Venezuela: Maduro says Exxon-Mobil stirring border dispute


Venezuela's president, Nicolas Maduro, speaks to the National Assembly in Caracas about the Guyana border dispute. Photo: AVN.

Venezuelan President Nicolas Maduro says the giant oil company Exxon-Mobil and other oil lobbies have been working to undermine his nation's relations with the Caribbean, especially neighbouring Guyana.

In an exclusive interview with TeleSUR, Maduro said on July 8 that Venezuela was facing a destabilising campaign by the oil company, Exxon Mobil. “There is a brutal campaign against Venezuela, this is financed by Exxon Mobil,” Maduro said on the border dispute that has flared up with Guyana.

“It’s a campaign to corner Venezuela, in order to lead it to high-intensity conflict, to undermine the policy of peace that we have implemented,” he added. On July 6, Maduro ordered a thorough review of diplomatic relations with Guyana, warning that he will recall the ambassador.

Despite a long-running border dispute, which dates back to the colonial period, Exxon Mobil reported a major oil discovery after being given unilateral permission to explore the disputed territory of Esequibo through an agreement with Guyana. Venezuela considered that agreement a violation and called for a dialogue between the two nations to settle the dispute.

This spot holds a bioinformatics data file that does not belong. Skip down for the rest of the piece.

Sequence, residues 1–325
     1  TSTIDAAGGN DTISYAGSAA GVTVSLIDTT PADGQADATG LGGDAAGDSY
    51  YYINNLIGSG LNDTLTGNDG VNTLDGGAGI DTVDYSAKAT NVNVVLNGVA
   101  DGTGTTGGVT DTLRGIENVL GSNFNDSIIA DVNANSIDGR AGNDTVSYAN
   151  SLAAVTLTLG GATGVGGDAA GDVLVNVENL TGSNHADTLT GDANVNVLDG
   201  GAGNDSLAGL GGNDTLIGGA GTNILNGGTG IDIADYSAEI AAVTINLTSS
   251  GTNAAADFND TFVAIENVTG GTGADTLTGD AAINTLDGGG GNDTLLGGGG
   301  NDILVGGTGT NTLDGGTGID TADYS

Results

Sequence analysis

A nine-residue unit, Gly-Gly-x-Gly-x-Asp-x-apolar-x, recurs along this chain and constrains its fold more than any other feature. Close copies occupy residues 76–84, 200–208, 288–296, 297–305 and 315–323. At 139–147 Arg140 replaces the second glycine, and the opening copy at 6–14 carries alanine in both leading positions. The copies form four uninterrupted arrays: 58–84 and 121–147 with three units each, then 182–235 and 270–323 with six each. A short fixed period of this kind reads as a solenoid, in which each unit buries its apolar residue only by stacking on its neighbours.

However, on July 8, Maduro emphasised that according to the Geneva Conventions of 1966, the British had acknowledged that the recognition of the disputed territories was still pending, “They recognise it’s a case that still needs negotiation,” he said.

Maduro added that the territory was historically significant for Venezuelans as it was fought for by liberation fighters in the war of liberation against Spain. “The Esequibo was not a gift by the British empire, it was defended by our liberators, the blood of our liberators is there,” he said.

[Abridged from TeleSUR English.]

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